HELP! Honey bees nesting in house wall

deborahmc52(Z9 Central FL)July 3, 2009

Hole in the wall from some old wiring, now a honey bee haven, sound well up into the wall (can hear them inside the kitchen wall)..trying to convince former beau who lives in house (co-owned) to address this issue..but how? what? he wants desperately to lure them out..please help us? Thanks Debbie

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Form a cone made of window screen about ten inches long and wide enough to cover the entrance at the base but tapered to about half an inch at the opening. Secure it over their entrance and make it a tight fit so that they can't crawl in behind it(harder than it sounds, they will test you). Take caulk or construction foam and seal up any other entrances that you see them using.
It is working if you see clumps of bees hanging from the cone. If they are not clumped on the cone, there is another entrance that you need to find and seal. Leave the cone on for a few weeks after you last see bees and then remove it and seal the hole.
Do it right away before they build up. They should be fairly gentle for a while but all bets are off once they establish a strong hive.

    Bookmark   July 3, 2009 at 9:20PM
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Konrad___far_north(3..just outside of Edmonton)

To remove them properly, the wall needs to be opened and everything taken out, when putting wall back,
make sure everything is sealed up so no bees can enter.


    Bookmark   July 4, 2009 at 1:04AM
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I'm dealing with this same thing since yesterday morning. Not the first time over the years, because I never removed the siding and the old comb and who knows what is still in there. I've been told that bees will smell the comb no matter how old it is and be drawn to it.

Tonight I've caulking every place I see them entering and exiting except I can't reach the tiny hole about 14' up on the side of the house. I'll probably have to resort to calling an exterminator to help seal the hole and I hate to say it but spray.

I've also been told that they die over winter anyway, is that true?

    Bookmark   July 11, 2009 at 8:46PM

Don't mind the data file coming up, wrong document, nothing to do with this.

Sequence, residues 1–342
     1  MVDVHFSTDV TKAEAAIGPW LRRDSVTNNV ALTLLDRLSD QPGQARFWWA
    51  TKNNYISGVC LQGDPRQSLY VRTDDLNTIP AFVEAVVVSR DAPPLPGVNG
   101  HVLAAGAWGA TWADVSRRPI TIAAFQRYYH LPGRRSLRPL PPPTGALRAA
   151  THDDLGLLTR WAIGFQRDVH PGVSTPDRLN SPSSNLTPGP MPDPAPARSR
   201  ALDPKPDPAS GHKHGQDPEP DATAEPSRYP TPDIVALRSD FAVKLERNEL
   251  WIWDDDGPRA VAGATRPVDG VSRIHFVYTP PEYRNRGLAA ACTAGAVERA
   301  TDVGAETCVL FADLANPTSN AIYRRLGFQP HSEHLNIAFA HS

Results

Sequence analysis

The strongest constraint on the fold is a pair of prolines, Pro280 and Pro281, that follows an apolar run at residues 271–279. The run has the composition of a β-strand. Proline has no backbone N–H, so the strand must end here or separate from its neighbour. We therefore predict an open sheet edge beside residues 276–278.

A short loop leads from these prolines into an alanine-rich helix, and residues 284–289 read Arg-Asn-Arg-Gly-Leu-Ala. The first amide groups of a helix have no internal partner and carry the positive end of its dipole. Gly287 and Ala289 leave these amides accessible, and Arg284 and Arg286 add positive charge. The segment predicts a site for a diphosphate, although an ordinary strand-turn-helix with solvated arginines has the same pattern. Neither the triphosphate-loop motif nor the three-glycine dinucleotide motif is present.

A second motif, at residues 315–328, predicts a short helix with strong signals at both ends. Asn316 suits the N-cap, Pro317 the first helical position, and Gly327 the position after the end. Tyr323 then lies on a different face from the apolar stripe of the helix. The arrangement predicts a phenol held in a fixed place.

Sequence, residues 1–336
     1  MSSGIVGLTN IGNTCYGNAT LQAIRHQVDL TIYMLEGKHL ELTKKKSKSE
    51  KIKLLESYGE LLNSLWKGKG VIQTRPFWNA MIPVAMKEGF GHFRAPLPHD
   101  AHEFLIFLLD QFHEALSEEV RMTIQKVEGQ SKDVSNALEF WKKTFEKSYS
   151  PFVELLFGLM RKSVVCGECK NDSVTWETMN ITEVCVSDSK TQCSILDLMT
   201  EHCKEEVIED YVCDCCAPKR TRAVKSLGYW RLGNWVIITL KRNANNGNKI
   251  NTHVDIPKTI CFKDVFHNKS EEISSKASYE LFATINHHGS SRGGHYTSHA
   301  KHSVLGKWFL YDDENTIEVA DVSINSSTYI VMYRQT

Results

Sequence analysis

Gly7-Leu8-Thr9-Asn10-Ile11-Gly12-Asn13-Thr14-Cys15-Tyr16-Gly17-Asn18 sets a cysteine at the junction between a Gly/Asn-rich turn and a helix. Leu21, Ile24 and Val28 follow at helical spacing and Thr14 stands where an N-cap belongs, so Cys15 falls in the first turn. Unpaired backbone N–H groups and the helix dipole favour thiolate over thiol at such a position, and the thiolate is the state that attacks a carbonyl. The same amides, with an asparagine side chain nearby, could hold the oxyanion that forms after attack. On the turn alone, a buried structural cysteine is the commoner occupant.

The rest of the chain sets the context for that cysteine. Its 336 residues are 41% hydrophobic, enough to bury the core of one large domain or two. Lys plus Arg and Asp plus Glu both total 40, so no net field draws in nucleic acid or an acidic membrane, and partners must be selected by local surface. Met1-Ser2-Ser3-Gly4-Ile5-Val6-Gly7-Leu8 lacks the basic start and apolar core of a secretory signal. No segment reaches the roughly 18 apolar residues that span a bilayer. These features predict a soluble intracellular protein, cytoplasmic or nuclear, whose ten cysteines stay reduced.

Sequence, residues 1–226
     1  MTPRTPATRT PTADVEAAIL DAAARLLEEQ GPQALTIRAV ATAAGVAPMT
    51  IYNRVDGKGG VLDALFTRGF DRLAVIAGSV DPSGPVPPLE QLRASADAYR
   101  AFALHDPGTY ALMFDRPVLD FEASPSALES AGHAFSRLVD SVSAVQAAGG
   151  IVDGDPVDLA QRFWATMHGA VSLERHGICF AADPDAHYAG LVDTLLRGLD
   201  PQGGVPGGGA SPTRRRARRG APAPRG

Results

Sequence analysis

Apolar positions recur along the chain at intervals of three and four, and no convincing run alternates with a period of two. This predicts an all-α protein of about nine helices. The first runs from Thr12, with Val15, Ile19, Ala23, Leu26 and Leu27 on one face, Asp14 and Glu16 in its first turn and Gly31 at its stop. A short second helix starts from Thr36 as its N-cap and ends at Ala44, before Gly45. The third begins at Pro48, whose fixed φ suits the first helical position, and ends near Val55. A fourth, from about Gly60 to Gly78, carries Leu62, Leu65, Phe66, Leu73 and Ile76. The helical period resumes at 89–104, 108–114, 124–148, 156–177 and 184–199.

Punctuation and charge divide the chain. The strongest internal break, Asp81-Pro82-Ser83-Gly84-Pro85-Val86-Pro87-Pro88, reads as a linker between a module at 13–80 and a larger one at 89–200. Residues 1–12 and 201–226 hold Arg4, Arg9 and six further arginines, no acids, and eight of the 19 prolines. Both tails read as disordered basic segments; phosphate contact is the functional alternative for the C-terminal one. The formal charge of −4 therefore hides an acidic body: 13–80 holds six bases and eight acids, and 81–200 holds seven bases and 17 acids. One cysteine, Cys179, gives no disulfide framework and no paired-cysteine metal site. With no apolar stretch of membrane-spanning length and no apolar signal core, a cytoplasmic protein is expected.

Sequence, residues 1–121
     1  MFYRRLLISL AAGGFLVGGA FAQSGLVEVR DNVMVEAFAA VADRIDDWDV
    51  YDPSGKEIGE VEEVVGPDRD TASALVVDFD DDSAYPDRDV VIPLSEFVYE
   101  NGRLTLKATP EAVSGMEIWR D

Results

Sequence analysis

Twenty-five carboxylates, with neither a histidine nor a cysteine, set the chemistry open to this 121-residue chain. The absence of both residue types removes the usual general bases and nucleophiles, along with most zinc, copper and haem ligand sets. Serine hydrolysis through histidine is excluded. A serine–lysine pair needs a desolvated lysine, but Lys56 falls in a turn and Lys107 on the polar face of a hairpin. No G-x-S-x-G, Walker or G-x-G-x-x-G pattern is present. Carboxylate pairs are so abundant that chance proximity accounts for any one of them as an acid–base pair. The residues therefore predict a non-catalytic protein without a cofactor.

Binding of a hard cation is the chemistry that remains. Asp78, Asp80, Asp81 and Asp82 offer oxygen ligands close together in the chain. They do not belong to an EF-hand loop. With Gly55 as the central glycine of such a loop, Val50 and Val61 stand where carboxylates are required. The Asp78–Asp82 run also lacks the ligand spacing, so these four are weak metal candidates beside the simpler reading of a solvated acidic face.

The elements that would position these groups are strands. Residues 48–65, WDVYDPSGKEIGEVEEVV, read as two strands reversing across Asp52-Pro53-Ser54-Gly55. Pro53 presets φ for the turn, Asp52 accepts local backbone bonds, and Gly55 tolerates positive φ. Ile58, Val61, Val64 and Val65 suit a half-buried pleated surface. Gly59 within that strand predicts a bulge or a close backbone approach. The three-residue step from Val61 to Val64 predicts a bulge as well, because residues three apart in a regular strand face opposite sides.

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Konrad___far_north(3..just outside of Edmonton)

Yes, if it's cold enough and not much insulation they will die.

    Bookmark   July 12, 2009 at 1:03PM
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Konrad___far_north(3..just outside of Edmonton)

Even if comb is scrapped out, bees can still detect the scent, I would wash everything out with Lysol or spray some chemical...bee goor similar product.


    Bookmark   July 12, 2009 at 1:12PM
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Thanks Konrad. It's just impractical for me to remove all that wood siding even though it is the best thing to do. But - this morning I declared war and went back to the store and bought another tube of caulk. With a long aluminum clothesline support pole, I put a glob of caulk on the end of it, climbed so far up the ladder, and dobbed that caulk in the crack below the piece of siding 14' up. It actually worked, and after I got the hang of it I was able to smooth the bead out a bit with the end of the pole. Then I stood below and watched if a bee could still get in, if it did, I dobbed more caulk until I got a pretty good bead along there. I continued to caulk anywhere the bees were going in or out below, too. I'll find out how well it works this evening when most of the bees return.

I read on the internet that if you don't see pollen on the legs of the bees going in that maybe they aren't settled yet or feeding young; and they could be stray bees that smelled the old comb and are out to rob honey and take it back to their own hive. So far, I haven't seen any pollen sacs on the legs, so maybe I've lucked out.

    Bookmark   July 12, 2009 at 1:33PM
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My mom is having the same problem. She just paid a guy to remove the nest and the "robber" bees are infesting. This guy has been back several times and has yet to offer any advice on how to control these things. This last time a swarm attacked me. I am not allergic, but several stings to the head knocked me down. A large dose of liquid benedryl did help. I am thankful for your sight. It has given me more advice than the last 8 bee keepers who have dealt with this problem. My mother is 72 years old. If they swarm her like they swarmed me, they could do worse. Thanks for the info.

    Bookmark   May 15, 2011 at 8:27PM
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Konrad___far_north(3..just outside of Edmonton)

Understandably one has evaluate the situation if removing the siding is reasonably safe and cost effective.

Robber bees are a good thing...they will clean out the honey but
it can take several weeks. Hopefully in this period no new swarm
moves in and your'e reasonably safe! Robber bees are not really concerned
in you...they're after the honey. Right after when robber bees are gone, [more or less].. it would be a good time to seal it off.

    Bookmark   May 15, 2011 at 11:37PM
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